When To Throw Out Half-Eaten Ice Cream Containers

While devouring an entire tub of ice cream in one sitting may be the norm for many, there are instances when a portion remains untouched, raising questions about its fate. Maybe you were saving a precious scoop to enjoy the following day, only to let it slip from your memory, or you had to call it quits a few spoons shy of reaching the bottom of the container. Perhaps, you're simply not someone who eats ice cream by the tub. Regardless of the situation, you're now staring at a half-eaten tub of ice cream and contemplating whether it's safe to eat. But before you make that decision, you should know that ice cream can sadly go bad.

Despite the chilling temperatures of a freezer, open containers of ice cream are just as susceptible to spoilage as any other food. A telltale sign of spoiled ice cream is a layer of ice crystals coating the lid or the surface of the dessert. You could still dig past the ice and eat it, but its texture will be greatly compromised. More often than not, however, it's challenging to identify any visible signs of the ice cream's spoilage. In that case, consider how long the half-eaten ice cream has been sitting in the freezer. If it's been over a month or two since you opened the ice cream, it's likely best to just toss it out.

Sadly, half-eaten ice cream can go bad

An unopened tub of ice cream will generally stay fresh till its best-by date — sometimes for even longer than that — but once opened, it should ideally be consumed within a period of 30 to 60 days. Admittedly, that may come as a bit of a shocker, considering that frozen foods are thought to rarely ever go bad. However, that's not always the case, especially when it comes to ice cream.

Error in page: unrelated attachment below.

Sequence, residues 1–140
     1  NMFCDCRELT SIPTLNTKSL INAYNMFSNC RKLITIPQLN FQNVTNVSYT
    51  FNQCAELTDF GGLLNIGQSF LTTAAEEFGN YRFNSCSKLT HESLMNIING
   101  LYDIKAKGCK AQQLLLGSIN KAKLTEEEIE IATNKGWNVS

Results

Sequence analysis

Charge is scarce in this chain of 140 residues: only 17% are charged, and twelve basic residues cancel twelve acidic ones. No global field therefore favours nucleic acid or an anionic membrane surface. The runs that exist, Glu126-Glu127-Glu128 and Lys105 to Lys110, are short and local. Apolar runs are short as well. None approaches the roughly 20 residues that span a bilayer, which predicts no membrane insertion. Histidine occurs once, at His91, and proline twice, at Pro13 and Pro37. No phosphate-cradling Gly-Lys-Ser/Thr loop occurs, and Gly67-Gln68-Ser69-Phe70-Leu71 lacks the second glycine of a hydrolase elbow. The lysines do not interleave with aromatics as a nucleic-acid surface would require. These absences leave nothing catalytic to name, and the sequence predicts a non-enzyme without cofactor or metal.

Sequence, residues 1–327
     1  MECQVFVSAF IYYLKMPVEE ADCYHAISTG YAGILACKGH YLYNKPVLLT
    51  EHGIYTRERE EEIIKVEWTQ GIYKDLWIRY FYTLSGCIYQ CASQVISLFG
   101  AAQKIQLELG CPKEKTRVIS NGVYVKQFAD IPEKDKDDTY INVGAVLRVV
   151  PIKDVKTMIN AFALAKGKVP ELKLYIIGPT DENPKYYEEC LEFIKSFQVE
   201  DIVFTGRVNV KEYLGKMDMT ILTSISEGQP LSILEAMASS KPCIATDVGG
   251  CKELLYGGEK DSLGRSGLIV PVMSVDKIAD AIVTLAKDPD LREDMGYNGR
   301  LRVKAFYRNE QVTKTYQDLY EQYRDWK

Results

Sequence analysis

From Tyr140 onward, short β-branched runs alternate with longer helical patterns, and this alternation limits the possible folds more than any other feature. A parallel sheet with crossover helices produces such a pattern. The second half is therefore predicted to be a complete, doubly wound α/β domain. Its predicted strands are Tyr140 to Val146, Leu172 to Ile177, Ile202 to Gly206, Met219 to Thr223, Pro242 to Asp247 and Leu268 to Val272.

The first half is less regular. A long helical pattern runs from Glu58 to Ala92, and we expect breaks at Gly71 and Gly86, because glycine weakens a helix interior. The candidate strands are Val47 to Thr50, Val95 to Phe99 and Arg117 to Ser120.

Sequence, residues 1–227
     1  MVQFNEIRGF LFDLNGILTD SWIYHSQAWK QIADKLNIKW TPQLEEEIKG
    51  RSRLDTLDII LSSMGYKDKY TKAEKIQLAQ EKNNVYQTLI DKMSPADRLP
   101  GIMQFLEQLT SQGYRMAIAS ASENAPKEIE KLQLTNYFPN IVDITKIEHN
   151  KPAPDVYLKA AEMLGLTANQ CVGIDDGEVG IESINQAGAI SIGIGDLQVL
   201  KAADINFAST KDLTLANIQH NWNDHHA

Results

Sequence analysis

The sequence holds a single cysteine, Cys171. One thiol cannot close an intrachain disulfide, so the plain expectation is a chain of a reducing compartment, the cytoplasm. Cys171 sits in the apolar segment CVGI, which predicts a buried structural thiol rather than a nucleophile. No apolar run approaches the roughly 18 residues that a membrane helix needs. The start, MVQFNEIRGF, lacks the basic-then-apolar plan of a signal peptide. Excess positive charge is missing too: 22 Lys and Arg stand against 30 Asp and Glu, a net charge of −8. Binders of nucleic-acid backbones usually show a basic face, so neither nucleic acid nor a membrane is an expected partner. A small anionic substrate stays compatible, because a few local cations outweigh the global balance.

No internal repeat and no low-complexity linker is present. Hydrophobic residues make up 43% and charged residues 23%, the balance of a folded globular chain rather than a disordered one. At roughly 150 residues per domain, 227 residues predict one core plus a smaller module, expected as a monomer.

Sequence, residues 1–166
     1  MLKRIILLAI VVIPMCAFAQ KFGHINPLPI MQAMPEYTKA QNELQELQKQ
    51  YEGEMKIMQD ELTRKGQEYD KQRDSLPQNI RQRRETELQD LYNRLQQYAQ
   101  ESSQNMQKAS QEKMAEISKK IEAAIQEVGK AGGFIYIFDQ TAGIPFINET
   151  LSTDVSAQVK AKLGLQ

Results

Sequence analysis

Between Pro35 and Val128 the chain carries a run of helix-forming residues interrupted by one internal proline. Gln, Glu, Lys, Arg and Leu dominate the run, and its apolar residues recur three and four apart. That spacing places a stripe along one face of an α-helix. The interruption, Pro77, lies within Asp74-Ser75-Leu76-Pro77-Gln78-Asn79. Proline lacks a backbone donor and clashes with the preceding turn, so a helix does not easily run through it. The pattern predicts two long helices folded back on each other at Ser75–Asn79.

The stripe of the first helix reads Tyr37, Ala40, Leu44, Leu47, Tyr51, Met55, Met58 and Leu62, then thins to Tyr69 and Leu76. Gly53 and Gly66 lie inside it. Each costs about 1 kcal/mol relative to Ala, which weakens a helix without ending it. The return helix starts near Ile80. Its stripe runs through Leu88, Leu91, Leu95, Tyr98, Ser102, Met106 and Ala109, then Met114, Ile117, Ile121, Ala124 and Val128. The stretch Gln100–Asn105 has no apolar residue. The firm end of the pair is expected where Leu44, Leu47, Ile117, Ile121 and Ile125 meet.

A tub of ice cream typically has all the protein and water-rich ingredients necessary for foodborne bacteria to thrive, like eggs, cream, and milk. While a freezer can certainly slow the pace at which these bacteria grow, it can't eliminate them entirely, according to the Home and Garden Information Center of Clemson University. As the ice cream is taken out of the freezer and opened, its temperature fluctuates and the ice cream begins to thaw. Under these conditions, bacteria can quickly resume rapid growth.

The bacteria that thrive on ice cream may not be visible to the naked eye, nor might they impart a noticeably bad smell or taste, but rest assured, they remain present in a half-eaten tub. If consumed, this ice cream could result in ailments like Salmonella Enteritidis (SE), per the U.S. Food and Drug Administration (FDA). That's why it may be best to discard the container, or better yet, consume the leftovers before things even get to that point.

Use up those ice cream leftovers

A good way to extend the shelf life of half-eaten ice cream is to ensure that it spends as little time outside the freezer as possible and that any leftovers are stored in air-tight containers. While the original container that the ice cream comes in is fine, make sure that the lid is closed properly before you put it back in the freezer. You can also place a tight layer of plastic wrap between the lid and the container to seal the ice cream from outside moisture. Alternatively, leftovers can also be transferred into more heavy-duty, airtight containers, like Tupperware.

While proper storage may help keep half-eaten ice cream fresh for longer, it's best to find ways to use it up as soon as possible. Of course, you could eat the ice cream plain, but there are other, equally delicious ways to use up the leftovers. A scoop of ice cream on top of warm waffles, pancakes, and French toast can easily upgrade a variety of sweet breakfast recipes. Leftovers can be sandwiched between store-bought cookies for a quick ice cream sandwich fix, slathered between homemade sponges for an ice cream cake, or spooned into buttery tarts as an icy filling. A generous dollop of ice cream can also be the secret ingredient for ultra-thick and creamy milkshakes and iced coffee drinks. Plus, you can always transform leftovers into a sundae with whatever toppings you have on hand, or simply savor the remaining bits with any seasonal fruits.